Even though I spent eleven years in one of Havana's best private Catholic schools, thanks to the many sacrifices that my father had to make to send me there, the school was never very successful in inculcating in me the silly beliefs that many organized religions try to foster on young and impressionable children. You have to realize that when you are 5-7 years old, you assume, (make an ass of u and me), that grownup always tell the truth. That is not always necessarily factual or correct.
We all have herd the silly stories of “If you are not a good boy, the boogeyman is gonna come tonight and get you.” or the equally idiotic “If you are bad, when you die you will go to Hell and burn there forever.”
The school that I went to was excellent in teaching the kids about the three R's: reading, writing and arithmetic. In that area I give them an A+.
But every day the school would start with one or two hours of “religion” class. What a waste of my time that was!
On Wednesdays, we were sort of encouraged to go to “confessions,” and on Thursday's and on Sunday's they forced us to attend something they called “the mass.”
The mass was performed in Latin. We did not know a word of Latin and since it was a dead language, it was not taught in school. My many thanks to whomever for that!
But we had our fun during this so-called mass. At one point the priest (who always had his back to the people) turns around to face those congregated there and intones in a singing, and probably alcoholic voice: “Orates Frates.” For the uneducated: that is Latin for: Let Us Pray Brothers.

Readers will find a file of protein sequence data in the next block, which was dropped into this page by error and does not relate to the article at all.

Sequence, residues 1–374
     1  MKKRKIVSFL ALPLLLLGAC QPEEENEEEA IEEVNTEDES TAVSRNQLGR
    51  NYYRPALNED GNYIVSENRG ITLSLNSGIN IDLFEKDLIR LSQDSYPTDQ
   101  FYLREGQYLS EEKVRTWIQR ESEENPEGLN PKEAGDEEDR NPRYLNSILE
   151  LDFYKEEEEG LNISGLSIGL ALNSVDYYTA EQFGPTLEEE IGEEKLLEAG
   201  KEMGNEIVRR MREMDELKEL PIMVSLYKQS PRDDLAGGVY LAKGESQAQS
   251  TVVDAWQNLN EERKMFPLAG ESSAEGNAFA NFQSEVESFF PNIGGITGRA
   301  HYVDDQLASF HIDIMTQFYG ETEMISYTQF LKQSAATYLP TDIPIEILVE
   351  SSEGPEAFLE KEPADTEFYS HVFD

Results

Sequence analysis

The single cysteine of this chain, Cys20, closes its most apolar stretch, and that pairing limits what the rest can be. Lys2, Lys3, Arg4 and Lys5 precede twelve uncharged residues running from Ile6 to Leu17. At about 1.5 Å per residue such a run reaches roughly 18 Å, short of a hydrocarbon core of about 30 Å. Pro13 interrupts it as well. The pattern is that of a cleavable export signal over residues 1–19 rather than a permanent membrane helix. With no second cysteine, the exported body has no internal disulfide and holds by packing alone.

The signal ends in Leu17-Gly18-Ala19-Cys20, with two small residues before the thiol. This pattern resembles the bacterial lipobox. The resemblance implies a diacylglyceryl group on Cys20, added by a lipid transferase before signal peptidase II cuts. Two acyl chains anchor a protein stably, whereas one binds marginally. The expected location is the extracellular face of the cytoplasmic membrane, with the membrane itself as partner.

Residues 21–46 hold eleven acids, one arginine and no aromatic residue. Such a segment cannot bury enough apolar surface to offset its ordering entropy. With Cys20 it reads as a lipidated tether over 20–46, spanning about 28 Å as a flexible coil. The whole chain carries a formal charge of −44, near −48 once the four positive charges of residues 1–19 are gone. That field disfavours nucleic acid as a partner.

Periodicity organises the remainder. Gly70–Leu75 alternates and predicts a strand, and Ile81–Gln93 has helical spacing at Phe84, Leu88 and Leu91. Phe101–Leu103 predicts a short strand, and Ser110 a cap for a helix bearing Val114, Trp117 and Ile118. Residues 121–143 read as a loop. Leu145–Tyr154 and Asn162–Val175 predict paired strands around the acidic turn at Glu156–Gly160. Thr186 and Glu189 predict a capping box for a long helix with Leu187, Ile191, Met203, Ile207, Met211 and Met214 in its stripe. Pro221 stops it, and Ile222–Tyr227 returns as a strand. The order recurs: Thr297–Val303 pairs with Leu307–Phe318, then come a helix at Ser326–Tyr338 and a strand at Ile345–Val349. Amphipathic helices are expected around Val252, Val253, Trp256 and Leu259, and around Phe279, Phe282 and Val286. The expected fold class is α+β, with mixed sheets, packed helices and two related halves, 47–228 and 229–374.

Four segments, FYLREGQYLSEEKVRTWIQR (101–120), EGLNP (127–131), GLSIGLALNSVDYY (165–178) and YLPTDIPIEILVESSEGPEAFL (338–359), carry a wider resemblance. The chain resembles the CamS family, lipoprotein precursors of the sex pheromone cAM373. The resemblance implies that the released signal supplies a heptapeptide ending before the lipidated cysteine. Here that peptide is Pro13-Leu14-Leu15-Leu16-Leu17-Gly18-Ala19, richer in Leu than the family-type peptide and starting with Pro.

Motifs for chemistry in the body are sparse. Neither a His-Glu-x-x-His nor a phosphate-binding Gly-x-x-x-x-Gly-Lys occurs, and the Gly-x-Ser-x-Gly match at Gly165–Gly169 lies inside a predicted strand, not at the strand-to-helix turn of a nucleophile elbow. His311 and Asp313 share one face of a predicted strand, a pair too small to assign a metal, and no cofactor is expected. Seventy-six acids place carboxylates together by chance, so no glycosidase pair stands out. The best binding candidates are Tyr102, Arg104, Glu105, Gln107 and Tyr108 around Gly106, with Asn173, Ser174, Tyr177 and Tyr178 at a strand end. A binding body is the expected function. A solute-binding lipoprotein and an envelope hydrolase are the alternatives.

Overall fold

We, the kids, came up with a rhyming Spanish response to be said in very low voices among ourselves.
We awaited, with little and quiet laughter, in total anticipation for the climax to perform our little skit.
Finally, when the priest (who always wore silly costumes) turns around and says “Orates Frates” we would respond, in very low voices among ourselves: “Todos los curas comen aguacates.” (All the priests eat avocados.) In English it does not rhyme, and it is not funny at all, but in Spanish (the language of Cuba), orates, frates and aguacates do rhyme. We had a riot of fun and laughter at that point in the mass.
Doing our little “fun time” made it bearable having to go to the silly mass. We had a lot of laughs doing that!
On the other side, (the bad side) of the coin, during history class we were not taught about Charles Darwin or Karl Marx. It conflicted with the dogmas of the Catholic Church. I would have to wait to learn about those two very important historical figures until I moved to Portland, Oregon in April of 1962. By then, I was finally free of “The Opium of the Masses.”
Thank you, Karl Marx, for giving me a true education in that area.
But, you know what? I am not anti-religion at all. If it helps you, JUST DO IT! I myself proudly say: